the dictatorship of
Edward Sri is assistant professor of theology at Benedictine
College in Atchison, Kansas and is the author of Men, Women
and the Mystery of Love.
before his election to the papacy, Joseph Cardinal Ratzinger
said that one of the biggest challenges to faith in the modern
world is relativism – the view that there is no moral
or religious truth to which we are all accountable. Indeed,
the relativistic perspective that dominates much of the Western
world makes it very difficult for Christians to talk about morality.
having a clear faith based on the Creed of the Church is often
labeled as fundamentalism," Ratzinger said. "Whereas
relativism . . . seems the only attitude that is acceptable
in modern times."
person who is not a relativist today is often not tolerated
in society. The pro-life woman, for example, who says abortion
is wrong is likely to be called ‘judgmental.’ The
Christian college student who says drunkenness and pre-marital
sex are immoral will be brushed aside as ‘rigid,’
‘out-of-touch’ or ‘prudish.’ In this
way, our relativistic culture tends to marginalize those who
hold traditional moral convictions. As Ratzinger noted, relativism
is emerging as a new kind of totalitarianism – one which
seeks to push the Christian belief in truth further out of the
comments are interesting not for the implication they have for
understanding particular moral issues, such as questions about
abortion, sexuality or the use of alcohol. Rather, his insights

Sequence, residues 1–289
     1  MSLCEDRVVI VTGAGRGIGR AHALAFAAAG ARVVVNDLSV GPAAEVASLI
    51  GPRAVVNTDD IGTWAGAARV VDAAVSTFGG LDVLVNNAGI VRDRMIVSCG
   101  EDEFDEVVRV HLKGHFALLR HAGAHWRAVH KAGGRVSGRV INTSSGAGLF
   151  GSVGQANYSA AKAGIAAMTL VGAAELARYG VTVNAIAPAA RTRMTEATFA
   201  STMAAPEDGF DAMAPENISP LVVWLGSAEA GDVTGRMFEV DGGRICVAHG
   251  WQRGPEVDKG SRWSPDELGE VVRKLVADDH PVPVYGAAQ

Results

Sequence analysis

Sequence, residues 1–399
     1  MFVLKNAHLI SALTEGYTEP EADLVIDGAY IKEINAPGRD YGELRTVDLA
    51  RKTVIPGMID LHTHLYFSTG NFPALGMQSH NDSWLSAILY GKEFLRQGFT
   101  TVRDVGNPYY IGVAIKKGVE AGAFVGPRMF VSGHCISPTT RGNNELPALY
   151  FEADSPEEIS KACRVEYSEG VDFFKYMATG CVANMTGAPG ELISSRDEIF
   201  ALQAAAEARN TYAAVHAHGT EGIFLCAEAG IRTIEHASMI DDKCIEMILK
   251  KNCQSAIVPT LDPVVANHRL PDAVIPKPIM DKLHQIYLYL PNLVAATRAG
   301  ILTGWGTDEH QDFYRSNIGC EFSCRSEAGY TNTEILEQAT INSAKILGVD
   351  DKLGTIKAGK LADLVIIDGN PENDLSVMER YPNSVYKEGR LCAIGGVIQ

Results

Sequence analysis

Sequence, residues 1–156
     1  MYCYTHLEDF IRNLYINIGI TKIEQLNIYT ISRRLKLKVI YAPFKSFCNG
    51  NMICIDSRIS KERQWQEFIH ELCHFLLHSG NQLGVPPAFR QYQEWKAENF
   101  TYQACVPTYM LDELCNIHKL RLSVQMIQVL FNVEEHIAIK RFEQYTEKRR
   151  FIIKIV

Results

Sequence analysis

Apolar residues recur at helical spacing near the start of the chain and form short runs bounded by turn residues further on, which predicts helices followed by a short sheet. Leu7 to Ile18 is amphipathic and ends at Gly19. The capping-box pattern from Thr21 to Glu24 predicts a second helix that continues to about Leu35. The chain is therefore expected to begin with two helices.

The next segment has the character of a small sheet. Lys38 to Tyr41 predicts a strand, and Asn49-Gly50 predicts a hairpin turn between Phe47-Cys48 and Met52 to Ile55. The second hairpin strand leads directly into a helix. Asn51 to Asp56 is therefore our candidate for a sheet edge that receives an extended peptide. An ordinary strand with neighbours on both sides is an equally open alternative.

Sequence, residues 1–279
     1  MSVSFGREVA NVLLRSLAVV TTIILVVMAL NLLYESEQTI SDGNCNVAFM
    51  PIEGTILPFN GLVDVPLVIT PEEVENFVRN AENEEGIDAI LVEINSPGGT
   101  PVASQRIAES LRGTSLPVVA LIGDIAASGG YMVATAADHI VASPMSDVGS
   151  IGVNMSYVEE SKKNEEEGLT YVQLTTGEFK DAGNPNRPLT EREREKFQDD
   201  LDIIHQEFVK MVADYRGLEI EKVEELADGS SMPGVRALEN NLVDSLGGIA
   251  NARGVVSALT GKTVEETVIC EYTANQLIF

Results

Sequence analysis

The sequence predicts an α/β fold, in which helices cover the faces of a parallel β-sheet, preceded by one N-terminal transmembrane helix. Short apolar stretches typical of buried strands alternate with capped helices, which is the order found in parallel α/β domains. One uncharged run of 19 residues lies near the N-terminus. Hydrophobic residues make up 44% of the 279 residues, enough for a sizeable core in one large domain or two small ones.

remind us that faithful Christians and moral relativists have
radically different worldviews. The problem is not simply that
many people in our culture do not think abortion, pre-marital
sex, or drunkenness are morally wrong. The problem is much deeper:
many no longer believe in a moral standard altogether.
a relativistic culture that assumes everyone should be free
to determine his own values and live whatever way he desires,
Christian talk about moral standards sounds like a bunch of
rules imposed on people's private lives that restrict their
freedom. This is why Christians must do more than address the
particular moral questions of the day. We also need to engage
at the higher level of worldview if we are to be effective in
communicating moral truth.
to do so is no simple task, and not one that can be done quickly.
It is a lot easier to give a five-point argument for a particular
issue than it is to understand, unpack and address one's entire
outlook on life.
teaching morality, I have often asked my students on the first
day of class to write down two lists. First, a list of what
they think are the top five to ten moral issues we face today
and second, a list of what they want to be remembered for at
the end of their lives.
they tell me about their top moral concerns, the students typically
mention a wide range of human life issues such as abortion,
capital punishment, euthanasia, war, and cloning. They also
tend mention matters related to sobriety (drug use, drunkenness),
sexuality (pre-marital sex, adultery, homosexuality), and general
social-economic issues (poverty, corporate greed, the environment).
After writing each of these topics on the left side of the chalk
board, I then tell them that this list reflects a very modern
view of ethics.
for many people today, the word morality has the connotation
of being primarily about rules of conduct or a code for behavior,
such as "thou shall not steal" and "Thou shall
not commit adultery." The modern notion of morality tends
to focus on assessing particular as good or evil. A rules-focused
morality primarily considers the question of what – what
should one do if faced with a particular choice or situation?
classical tradition, however, had a much broader moral vision.
The Greek word that ancient philosophers such as Plato and Aristotle
used to describe the drama of the moral life was ethikos, which
means "pertaining to character." For them, ethics